Shell mode keeps track of ‘cd’, ‘pushd’ and ‘popd’ commands given to the inferior shell, so it can keep the ‘*shell*’ buffer's default directory the same as the shell's working directory. It recognizes these commands syntactically, by examining lines of input that are sent.
If you use aliases for these commands, you can tell Emacs to
recognize them also. For example, if the value of the variable
shell-pushd-regexp matches the beginning of a shell command
line, that line is regarded as a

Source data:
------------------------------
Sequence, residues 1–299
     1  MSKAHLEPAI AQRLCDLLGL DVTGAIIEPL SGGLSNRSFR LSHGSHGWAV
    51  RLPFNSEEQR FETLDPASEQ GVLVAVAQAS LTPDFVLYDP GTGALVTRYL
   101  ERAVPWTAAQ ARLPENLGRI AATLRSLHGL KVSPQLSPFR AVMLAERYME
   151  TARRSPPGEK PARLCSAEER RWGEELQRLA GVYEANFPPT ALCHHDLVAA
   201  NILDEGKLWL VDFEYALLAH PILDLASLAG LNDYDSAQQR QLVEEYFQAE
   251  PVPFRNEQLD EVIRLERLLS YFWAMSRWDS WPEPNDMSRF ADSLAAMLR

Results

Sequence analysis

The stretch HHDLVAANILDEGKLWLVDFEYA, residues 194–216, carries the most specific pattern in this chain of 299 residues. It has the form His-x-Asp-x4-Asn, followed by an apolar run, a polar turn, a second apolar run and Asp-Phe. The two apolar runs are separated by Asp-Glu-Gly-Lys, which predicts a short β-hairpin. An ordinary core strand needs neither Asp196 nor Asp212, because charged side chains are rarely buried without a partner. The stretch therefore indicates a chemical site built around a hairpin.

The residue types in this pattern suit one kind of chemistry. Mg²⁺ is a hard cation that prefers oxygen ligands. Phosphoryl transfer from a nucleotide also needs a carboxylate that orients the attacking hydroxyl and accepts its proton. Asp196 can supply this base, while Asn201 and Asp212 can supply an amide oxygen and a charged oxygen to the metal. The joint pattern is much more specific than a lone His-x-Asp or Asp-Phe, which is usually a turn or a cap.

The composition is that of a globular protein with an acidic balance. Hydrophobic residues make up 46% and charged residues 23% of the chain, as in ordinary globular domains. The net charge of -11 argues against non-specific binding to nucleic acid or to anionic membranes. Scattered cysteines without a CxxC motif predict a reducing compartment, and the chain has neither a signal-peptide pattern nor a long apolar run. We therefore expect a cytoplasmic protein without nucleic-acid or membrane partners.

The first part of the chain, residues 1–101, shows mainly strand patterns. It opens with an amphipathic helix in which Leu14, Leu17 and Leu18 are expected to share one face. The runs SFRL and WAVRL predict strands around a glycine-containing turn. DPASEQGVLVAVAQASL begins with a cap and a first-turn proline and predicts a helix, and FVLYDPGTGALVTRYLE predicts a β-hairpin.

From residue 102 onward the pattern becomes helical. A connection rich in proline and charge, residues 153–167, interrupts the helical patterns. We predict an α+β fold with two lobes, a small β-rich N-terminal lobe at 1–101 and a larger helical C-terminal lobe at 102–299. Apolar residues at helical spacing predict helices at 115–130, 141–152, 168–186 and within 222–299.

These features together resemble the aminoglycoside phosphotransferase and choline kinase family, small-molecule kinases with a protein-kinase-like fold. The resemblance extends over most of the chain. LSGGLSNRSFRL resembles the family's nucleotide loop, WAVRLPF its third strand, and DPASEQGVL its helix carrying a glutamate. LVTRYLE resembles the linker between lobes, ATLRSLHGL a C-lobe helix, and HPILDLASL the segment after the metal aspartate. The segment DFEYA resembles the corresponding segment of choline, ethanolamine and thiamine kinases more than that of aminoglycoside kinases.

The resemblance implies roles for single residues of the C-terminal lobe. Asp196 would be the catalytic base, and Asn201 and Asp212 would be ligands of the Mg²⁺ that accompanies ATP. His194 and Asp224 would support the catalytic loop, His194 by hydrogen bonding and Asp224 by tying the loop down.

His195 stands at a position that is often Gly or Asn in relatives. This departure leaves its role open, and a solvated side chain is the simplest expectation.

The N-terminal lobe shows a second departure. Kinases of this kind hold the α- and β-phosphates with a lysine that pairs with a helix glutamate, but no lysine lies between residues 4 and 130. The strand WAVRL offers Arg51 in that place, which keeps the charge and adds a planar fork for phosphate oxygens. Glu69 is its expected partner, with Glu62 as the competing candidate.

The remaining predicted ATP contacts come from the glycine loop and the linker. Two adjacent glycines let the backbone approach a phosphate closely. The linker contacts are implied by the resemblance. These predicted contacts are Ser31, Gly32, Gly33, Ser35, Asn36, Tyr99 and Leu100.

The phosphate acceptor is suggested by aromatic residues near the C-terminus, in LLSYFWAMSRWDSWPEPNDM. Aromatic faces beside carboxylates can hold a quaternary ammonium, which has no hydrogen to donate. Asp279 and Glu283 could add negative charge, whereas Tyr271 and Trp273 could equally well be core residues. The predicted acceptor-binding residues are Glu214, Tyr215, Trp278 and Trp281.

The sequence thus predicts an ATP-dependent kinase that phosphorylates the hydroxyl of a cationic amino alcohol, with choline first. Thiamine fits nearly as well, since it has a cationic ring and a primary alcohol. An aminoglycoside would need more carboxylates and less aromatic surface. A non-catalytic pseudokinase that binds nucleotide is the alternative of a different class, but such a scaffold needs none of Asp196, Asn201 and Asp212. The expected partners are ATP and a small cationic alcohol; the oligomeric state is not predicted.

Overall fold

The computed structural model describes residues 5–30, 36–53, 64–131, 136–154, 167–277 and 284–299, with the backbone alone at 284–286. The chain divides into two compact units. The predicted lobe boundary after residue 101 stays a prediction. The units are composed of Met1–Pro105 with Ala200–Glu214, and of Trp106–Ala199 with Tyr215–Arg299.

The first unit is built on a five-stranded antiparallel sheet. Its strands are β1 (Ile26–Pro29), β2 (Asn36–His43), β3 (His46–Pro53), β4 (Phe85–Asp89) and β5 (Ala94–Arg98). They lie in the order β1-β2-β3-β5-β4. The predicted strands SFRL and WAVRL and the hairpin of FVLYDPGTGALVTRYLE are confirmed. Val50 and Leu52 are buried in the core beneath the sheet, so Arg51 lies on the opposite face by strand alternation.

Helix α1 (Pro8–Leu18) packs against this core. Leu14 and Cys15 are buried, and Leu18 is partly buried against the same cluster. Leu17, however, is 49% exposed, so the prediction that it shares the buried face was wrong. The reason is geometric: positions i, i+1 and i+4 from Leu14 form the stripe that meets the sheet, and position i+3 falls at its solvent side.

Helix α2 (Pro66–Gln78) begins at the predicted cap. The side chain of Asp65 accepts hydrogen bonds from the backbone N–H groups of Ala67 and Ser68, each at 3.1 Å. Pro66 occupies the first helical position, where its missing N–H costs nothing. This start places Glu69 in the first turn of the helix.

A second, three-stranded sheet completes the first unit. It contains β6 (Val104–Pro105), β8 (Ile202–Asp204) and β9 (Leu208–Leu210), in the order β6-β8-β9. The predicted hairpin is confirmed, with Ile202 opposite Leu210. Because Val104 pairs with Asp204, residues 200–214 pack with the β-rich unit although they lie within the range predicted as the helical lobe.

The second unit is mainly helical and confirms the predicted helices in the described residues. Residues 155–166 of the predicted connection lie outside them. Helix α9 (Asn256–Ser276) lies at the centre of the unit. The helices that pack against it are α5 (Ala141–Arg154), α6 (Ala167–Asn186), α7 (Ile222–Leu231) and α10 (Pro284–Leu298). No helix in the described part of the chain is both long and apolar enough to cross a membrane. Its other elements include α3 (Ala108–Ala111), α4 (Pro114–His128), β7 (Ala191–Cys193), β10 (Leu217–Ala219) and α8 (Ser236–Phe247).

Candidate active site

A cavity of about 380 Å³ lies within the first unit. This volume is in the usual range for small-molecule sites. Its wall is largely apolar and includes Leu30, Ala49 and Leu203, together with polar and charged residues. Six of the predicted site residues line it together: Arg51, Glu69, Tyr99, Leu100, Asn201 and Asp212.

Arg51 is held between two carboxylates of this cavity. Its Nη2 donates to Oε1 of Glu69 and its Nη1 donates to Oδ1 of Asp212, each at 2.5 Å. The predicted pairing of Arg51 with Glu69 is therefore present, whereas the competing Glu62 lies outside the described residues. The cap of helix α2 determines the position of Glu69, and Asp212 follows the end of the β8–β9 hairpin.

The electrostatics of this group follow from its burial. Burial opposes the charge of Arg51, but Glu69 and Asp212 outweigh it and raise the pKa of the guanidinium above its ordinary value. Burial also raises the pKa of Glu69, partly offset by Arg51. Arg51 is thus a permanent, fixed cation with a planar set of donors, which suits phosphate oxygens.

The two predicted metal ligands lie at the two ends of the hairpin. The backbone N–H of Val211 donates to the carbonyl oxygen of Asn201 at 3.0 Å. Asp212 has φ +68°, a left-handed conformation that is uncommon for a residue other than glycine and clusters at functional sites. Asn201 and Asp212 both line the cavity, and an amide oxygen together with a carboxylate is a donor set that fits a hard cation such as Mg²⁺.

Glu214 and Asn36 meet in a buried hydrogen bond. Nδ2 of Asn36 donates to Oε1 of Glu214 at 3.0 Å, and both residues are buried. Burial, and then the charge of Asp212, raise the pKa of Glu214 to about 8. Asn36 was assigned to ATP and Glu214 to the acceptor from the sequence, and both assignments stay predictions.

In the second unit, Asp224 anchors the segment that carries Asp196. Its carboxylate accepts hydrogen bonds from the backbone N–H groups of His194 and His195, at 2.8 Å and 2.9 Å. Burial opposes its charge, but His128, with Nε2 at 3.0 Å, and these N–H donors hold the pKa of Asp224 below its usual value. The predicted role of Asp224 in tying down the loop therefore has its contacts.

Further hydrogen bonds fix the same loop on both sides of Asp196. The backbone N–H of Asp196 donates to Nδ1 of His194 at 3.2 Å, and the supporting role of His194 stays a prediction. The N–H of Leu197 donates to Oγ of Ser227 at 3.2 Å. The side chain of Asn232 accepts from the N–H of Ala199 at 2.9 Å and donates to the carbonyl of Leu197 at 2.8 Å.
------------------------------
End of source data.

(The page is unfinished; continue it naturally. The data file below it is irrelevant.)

pushd command. Change this
variable when you add aliases for ‘pushd’. Likewise,
shell-cd-regexp are used to
recognize commands with the meaning of ‘popd’ and ‘cd’.
These commands are recognized only at the beginning of a shell command
If Emacs gets confused about changes in the current directory of the subshell, use the command M-x dirs to ask the shell what its current directory is. This command works for shells that support the most common command syntax; it may not work for unusual shells.
You can also use M-x dirtrack-mode to enable (or disable) an alternative method of tracking changes in the current directory. This method relies on your shell prompt containing the full current working directory at all times.blog comments powered by Disqus